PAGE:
Vet2Be has two osteochondromas on his leg. Those are benign bone tumors. One of them broke off and so he has been in lots of pain lately. The doctor will be removing them both next week. But in the meantime, he is supposed to take it easy so he doesn't have swelling in the soft tissue around the broken bone. This injury rode right on the heels of us finding out that he was being 'poisoned' while he slept in the basement because of the melting electrical wires! This kid has had a tough 10 months.

That means that I am doing most of the work on the farm. (Hubby and Son1 are away on a business trip, so everything has been up to me.) With all the work I haven't had time to update my blog!

We cleaned one stall today to get ready for the first  kidding due date: 8 March. Some of the neighbor children that are good friends of ours came by to help. It took two hours to shovel out the stall since it has been such a wet, sloggy month.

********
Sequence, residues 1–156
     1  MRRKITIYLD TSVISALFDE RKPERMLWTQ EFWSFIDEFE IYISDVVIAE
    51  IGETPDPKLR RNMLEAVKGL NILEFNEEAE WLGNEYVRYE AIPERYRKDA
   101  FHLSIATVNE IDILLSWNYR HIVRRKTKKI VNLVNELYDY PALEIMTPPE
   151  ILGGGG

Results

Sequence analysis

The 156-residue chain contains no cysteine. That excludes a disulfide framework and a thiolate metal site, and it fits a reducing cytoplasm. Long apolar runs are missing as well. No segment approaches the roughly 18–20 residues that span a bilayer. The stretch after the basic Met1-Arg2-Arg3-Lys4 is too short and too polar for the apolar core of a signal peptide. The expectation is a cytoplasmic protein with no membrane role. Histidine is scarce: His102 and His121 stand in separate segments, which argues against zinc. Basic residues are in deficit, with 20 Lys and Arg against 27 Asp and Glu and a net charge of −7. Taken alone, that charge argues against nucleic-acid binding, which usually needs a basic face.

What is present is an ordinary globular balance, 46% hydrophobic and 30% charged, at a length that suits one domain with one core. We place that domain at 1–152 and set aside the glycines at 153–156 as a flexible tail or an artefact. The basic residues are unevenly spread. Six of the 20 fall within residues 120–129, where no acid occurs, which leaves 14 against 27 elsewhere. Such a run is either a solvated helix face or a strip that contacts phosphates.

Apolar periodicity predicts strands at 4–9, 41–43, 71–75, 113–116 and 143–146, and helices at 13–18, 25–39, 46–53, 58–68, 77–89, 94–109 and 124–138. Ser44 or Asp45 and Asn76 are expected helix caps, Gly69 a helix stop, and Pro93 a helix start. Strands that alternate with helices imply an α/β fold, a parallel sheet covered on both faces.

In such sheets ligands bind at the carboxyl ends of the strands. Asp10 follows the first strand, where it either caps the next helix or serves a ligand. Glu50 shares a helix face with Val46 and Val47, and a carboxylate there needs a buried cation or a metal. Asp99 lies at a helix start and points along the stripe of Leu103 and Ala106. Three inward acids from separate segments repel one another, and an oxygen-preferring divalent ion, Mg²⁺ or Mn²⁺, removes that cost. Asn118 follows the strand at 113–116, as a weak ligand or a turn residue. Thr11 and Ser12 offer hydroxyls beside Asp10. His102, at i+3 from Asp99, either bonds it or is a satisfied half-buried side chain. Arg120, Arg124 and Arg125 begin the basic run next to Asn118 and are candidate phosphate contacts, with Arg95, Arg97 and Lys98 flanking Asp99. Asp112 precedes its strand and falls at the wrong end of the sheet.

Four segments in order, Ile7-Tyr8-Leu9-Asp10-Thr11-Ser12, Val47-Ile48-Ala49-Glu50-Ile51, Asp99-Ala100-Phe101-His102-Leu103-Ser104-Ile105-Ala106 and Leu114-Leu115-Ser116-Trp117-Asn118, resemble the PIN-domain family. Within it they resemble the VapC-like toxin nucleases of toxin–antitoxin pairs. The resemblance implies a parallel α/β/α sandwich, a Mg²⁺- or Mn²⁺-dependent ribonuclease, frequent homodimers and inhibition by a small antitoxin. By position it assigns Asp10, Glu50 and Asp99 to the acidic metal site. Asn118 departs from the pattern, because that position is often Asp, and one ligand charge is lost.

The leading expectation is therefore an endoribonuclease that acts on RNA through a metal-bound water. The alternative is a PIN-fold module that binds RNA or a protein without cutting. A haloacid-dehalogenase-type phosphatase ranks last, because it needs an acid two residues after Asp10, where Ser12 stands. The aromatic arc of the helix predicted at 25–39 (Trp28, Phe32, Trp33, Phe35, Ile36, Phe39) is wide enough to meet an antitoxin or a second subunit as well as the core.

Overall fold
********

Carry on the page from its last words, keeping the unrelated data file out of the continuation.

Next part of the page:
There are still two more stalls to clean, but I feel much better having one done. If Clover decides to kid a little early, we have a clean place for her. She looks as if she is going to pop! But she is still eating, and she hasn't bagged up yet, so I think we're okay for a few days.

There is still heavy work to be done, though! One of the other stalls is much worse than the one we cleaned, and the third isn't nearly as bad. We have about 5 hours of work left. Not too bad, but Vet2Be feels terrible that he can't help. I'm very grateful for neighborhood kids who like to be here and help and for good friends who have volunteered to come help clean the other stalls Monday night.